You can also make cake pops with various decorations such as skulls, pumpkins or spider webs.

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A rainy and enjoyable September holiday in Romania

Hunedoara castle in Romania

You may have noticed that there’s been a bit of a space between posts recently – we’ve been away, taking a slightly later holiday this year to visit my home country, Romania.

Our little one has been exploring with us from a young age and is now a seasoned traveller so we’re lucky when it comes to flights and long car journeys so we took the opportunity to hire a car and get out and about.

Having overcome his initial nerves at driving on the ‘wrong’ side of the road my husband quickly go to grips with driving in Romania and we headed out for our first destination: a small town called Orsova and the Danube with a gorgeous view across the river to Serbia on the opposite banks.

driving through Romania

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10 Simple Boredom Busters for a Boring Rainy Day

child home made mask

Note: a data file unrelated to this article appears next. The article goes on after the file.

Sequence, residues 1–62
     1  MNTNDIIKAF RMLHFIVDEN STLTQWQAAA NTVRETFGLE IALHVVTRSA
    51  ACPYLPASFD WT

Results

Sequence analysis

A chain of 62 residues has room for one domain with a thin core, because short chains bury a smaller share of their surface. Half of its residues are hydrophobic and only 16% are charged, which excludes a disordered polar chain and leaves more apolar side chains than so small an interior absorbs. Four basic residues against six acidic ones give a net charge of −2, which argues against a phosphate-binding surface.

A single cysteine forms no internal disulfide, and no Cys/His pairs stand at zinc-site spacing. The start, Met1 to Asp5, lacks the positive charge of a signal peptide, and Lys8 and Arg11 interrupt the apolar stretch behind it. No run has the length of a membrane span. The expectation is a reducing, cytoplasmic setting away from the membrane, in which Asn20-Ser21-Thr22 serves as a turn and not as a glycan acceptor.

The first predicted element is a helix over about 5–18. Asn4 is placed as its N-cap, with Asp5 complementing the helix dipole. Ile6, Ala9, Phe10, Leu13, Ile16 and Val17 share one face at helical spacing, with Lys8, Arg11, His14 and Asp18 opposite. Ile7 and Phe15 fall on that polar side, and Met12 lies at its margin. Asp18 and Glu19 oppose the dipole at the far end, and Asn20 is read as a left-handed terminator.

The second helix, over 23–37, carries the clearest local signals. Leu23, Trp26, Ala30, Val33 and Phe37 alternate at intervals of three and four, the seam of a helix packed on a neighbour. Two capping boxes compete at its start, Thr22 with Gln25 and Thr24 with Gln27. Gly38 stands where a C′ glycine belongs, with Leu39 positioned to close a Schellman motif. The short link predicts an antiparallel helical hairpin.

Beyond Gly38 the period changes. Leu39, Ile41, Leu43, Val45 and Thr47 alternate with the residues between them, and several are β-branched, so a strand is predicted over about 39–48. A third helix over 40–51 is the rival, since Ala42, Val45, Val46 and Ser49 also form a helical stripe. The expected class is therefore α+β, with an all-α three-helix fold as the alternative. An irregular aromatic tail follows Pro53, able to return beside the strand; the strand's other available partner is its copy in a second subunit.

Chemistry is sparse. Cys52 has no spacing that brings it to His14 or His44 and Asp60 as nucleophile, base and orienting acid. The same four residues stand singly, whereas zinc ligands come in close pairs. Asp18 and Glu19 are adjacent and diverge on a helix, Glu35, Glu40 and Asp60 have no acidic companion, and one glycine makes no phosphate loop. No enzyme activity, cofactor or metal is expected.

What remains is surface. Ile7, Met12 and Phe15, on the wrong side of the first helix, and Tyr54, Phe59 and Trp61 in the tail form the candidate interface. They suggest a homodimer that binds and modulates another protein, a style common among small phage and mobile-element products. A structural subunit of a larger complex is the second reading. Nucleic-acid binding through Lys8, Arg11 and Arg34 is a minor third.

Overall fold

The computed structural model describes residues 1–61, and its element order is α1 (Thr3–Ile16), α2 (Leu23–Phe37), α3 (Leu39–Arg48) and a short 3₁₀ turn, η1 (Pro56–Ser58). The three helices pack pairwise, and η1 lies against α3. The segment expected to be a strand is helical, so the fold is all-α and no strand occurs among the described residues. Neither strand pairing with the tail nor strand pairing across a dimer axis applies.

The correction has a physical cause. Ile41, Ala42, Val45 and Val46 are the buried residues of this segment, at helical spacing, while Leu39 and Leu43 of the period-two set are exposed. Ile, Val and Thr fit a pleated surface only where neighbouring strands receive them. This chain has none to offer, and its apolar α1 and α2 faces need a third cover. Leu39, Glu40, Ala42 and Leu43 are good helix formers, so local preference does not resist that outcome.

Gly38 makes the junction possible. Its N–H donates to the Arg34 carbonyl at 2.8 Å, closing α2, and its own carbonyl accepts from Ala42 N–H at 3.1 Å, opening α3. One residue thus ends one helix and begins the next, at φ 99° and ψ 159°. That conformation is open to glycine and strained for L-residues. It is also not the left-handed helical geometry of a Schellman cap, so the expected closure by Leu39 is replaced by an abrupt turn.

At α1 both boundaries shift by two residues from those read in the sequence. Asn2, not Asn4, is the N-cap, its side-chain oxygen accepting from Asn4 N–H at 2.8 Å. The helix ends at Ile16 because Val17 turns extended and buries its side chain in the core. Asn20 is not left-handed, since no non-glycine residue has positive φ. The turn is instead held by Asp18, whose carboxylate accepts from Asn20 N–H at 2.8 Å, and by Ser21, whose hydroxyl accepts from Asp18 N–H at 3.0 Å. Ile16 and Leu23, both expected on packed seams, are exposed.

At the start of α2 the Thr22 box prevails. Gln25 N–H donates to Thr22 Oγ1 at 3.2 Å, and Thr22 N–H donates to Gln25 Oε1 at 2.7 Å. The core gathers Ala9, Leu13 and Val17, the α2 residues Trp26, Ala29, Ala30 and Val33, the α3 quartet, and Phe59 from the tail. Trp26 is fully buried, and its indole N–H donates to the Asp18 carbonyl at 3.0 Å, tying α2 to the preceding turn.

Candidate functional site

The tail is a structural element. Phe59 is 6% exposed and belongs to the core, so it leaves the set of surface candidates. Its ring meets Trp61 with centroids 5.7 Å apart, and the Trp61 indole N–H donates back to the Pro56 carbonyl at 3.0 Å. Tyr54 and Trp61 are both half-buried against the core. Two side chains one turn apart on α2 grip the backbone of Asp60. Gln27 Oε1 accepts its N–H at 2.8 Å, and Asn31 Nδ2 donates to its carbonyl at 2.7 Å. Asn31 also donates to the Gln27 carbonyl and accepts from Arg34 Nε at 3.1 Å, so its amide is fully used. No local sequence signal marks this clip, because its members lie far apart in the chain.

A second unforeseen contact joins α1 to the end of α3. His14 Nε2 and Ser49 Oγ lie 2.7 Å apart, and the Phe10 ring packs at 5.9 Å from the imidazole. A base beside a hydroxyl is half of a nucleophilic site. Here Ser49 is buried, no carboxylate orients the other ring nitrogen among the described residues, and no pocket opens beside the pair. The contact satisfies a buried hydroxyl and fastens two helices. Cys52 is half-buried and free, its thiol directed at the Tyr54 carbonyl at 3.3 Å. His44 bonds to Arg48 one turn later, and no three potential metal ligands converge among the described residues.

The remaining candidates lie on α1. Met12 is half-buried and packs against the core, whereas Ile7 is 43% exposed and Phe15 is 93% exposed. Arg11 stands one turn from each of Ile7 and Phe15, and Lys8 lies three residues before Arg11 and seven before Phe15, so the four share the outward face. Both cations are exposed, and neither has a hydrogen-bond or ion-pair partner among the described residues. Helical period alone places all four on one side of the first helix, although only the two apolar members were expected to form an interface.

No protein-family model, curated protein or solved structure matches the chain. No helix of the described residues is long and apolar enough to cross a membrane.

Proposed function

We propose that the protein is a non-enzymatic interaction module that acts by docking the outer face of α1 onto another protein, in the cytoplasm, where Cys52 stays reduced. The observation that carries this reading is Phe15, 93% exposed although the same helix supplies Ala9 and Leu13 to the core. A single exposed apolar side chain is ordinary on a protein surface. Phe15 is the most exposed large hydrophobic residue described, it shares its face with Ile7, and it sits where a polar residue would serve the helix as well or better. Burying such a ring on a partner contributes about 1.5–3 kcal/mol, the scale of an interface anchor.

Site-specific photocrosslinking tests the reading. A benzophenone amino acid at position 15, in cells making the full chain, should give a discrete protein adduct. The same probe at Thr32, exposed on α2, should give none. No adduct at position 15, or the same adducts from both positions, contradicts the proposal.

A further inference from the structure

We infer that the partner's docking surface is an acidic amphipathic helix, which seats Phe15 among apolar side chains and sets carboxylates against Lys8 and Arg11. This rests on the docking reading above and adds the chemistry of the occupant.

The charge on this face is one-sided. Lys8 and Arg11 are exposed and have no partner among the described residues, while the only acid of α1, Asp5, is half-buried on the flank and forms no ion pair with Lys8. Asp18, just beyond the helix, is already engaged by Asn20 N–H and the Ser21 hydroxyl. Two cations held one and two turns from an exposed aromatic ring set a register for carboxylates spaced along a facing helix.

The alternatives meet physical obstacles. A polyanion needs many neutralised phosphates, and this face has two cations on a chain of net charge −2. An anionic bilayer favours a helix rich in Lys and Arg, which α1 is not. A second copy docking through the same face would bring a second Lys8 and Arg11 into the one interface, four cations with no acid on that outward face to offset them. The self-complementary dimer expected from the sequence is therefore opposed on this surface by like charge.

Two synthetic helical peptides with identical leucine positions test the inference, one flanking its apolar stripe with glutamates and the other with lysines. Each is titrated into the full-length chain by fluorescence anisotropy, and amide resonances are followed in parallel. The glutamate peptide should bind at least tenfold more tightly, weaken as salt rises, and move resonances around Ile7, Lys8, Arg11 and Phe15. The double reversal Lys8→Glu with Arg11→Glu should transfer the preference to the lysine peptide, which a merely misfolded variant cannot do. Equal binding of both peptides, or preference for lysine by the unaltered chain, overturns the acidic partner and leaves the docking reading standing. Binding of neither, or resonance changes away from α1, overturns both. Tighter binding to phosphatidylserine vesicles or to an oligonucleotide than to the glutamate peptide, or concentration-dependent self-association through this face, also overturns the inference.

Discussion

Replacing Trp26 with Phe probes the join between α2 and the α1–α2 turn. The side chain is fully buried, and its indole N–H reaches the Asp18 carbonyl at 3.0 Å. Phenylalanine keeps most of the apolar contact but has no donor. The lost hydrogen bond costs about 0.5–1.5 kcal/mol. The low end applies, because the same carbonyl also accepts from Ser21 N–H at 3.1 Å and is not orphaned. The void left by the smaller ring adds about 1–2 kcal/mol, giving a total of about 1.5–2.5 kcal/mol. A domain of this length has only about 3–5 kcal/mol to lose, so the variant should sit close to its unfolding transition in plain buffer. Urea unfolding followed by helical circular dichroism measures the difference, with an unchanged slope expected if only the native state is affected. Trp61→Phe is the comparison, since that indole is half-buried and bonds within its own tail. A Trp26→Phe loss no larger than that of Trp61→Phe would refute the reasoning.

Turn the kids bed into a pirate ship

Do your children make their beds in the morning? We’re willing to bet they don’t, especially at weekends. So, on a rainy week-end, when everyone wants to lay in their pyjamas a little longer, why not embrace it, create a pirate ship right in your child’s bed and play a little pirate game. First name your ship, something like The Deceitful Eel, the Flying King or the Good Squid. Then make a team of crew mates – with dolls, toys and teddies and give them names : Hysterical Darius Scarr, or Sweatin’ Benjamin Sparrow. Take the top sheet and throw it over the headboard to make a sail. Make sure everyone – the captain, the crew members are on the bed, ensuring that they are not eaten by sharks (remind them of the shark at regular intervals).